The frequency of nosocomial pneumonia developed after cardiovascular surgery observed in our study was higher than those reported by Bongo and Jashiashvili in the Philippines and Georgia, respectively, which were < 5%.17,18 This increase can be explained by the differences in the populations studied, as those studies involved school-age and adolescent patients unlike this one, where infants predominate, who, due to incomplete immune system development and nutritional deficits in most of them, would be expected to have increased frequency of infections in general.
Our study showed that intraoperative risk factors were the main factors associated with the development of pneumonia.
History of having undergone extracorporeal circulation divided the study cohort into two groups. Those who were not subjected to this procedure had a low frequency of pneumonia, unlike those who had undergone this event, who presented eight times the infection rate. The mere fact of undergoing cardiovascular surgery such as extracorporeal circulation leads to a stress response manifested by evidence of systemic inflammatory response and release of stress hormones. One mechanism is by activation of the immune system, which behaves differently in children than it does in adults, immune response varying and with it the vulnerability to developing infections.19
Pulmonary endothelial damage in patients undergoing thoracotomy without extracorporeal circulation has already been described, with the consequent development of local inflammation and subsequent infection.
Moreover, the mere fact of having a prolonged surgery with extensive tissue trauma facilitates contamination of the surgical field and the development of infection. While cardiovascular surgery is characterized by its complexity, and the time needed to complete it is higher than other surgeries, there are risk factors described in adults for the development of pneumonia, most of them postoperative, including reintubation, management with globular packages, and use of nasogastric tube. These factors may have relevance in pneumonic processes developed late in the postoperative period; however, in pneumonias developed between the second and fifth day after surgery it is likely that other factors involved during it are important. In our study the times during surgery, especially surgical time and extracorporeal circulation time, were risk factors associated with pneumonia, even though they were not significant in the multivariate analysis. In studies similar to ours (retrospective and prospective, and also in children), it has been found that ECCT and aortic clamping time are risk factors for developing pneumonia after cardiovascular surgery.20,21
New risk factors, such as history of open sternotomy and surgical wound infection, are described in this study, which may relate to the extent of surgical trauma.
History of being under mechanical ventilation makes this type of patient susceptible to development of pneumonia. There are reports in which this is mentioned as a risk factor for its development;22 however, we found no significant association: 70% of patients developed the pneumonic process in the first days after undergoing the surgical procedure and, therefore, it appears to be a consequence and not a cause of infectious process.
As previously mentioned, it is difficult to differentiate between inflammation and infection soon after cardiovascular surgery; therefore, the behavior of procalcitonin serum levels was evaluated as part of the risk factors for developing pneumonia. Aouifi et al.13 reported values of 1.36 mg/mL in adults subject to cardiovascular surgery in the immediate postoperative period; these values declined in the next three days, as in our patients subject to extracorporeal circulation without development of pneumonia, in whom the average was 0.45 g/mL at 48 hours post-surgery. The same report claims a concentration of this marker of 4.85 mg/mL in patients who developed bacteremia or pneumonia, similar to that found in our group of pediatric patients with pneumonia (4.42 mg/mL).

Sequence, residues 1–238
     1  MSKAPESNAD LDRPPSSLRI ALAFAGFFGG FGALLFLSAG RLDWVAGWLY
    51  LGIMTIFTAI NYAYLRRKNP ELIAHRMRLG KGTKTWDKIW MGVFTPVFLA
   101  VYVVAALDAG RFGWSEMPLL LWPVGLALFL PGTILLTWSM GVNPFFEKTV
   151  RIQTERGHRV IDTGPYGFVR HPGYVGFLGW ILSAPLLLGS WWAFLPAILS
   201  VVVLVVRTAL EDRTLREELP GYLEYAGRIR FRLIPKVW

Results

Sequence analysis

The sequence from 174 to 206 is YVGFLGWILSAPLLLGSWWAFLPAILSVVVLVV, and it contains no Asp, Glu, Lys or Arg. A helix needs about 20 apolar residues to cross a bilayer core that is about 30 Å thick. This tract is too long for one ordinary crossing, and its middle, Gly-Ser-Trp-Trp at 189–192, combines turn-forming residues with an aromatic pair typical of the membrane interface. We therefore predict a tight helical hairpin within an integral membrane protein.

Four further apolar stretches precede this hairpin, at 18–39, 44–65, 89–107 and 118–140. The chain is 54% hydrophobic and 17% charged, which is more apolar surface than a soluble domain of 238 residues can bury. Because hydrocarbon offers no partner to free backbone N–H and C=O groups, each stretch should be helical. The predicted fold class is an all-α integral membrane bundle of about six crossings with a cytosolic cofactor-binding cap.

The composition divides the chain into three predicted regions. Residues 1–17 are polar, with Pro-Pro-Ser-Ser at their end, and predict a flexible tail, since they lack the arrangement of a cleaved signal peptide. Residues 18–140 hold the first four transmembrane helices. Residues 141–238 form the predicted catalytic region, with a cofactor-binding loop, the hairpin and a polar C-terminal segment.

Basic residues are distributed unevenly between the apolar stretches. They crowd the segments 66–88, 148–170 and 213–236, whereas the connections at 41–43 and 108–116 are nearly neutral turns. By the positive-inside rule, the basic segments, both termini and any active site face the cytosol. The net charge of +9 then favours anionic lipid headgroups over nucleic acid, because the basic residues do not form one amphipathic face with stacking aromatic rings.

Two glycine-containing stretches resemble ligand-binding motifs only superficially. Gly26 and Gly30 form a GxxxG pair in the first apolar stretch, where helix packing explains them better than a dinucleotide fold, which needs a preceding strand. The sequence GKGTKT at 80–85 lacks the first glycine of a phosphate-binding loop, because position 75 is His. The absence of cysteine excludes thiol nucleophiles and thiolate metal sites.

Elevated procalcitonin levels have been associated with prolonged surgical procedures, as well as with the intraoperative development. It is reported that these levels may persist until the third day in children. In our study, most patients with a high level of procalcitonin underwent prolonged surgery such as total correction of tetralogy of Fallot or Senning.
It is likely that a high concentration of procalcitonin the second postoperative day depends on the peak level at 24 hours from the initial surgical trauma and, since the half-life is constant (18-24 hours), this level will be different in each patient. Moreover, if an infectious process is added, that level can increase. In our study, several patients developed pneumonias belatedly, with high initial procalcitonin numbers, which highlights the importance of severe initial inflammatory reaction predisposing to the development of a pneumonic process.
A recent systematic literature review on the behavior of procalcitonin levels in postoperative cardiac surgery patients indicates that the kinetics of this molecule in the first postoperative days seems to be more useful for identifying infectious complications than an isolated value. However, in the current report, the sensitivity and specificity to predict a pneumonic process using only one determination at 48 hours after surgery were not very different from those reported by other authors for detecting an infectious process.23
Moreover, other factors such as the host’s genetic constitution can influence both susceptibility to infection and response to surgical trauma, which could make procalcitonin values between individuals different.
In this study we observed that time of extracorporeal circulation analyzed in conjunction with procalcitonin values can provide early diagnostic help: we note that these two parameters being elevated helps detect almost 60% of patients with nosocomial pneumonia complications and, therefore, to establish early or preventative antimicrobial therapy; however, new prospective studies with homogenized study populations are necessary to confirm or establish new risk factors and to propose early treatments to reduce the frequency of this type of pneumonia in pediatric patients.
Conflict of interest statement: The authors have completed and submitted the form translated into Spanish for the declaration of potential conflicts of interest of the International Committee of Medical Journal Editors, and none were reported in relation to this article.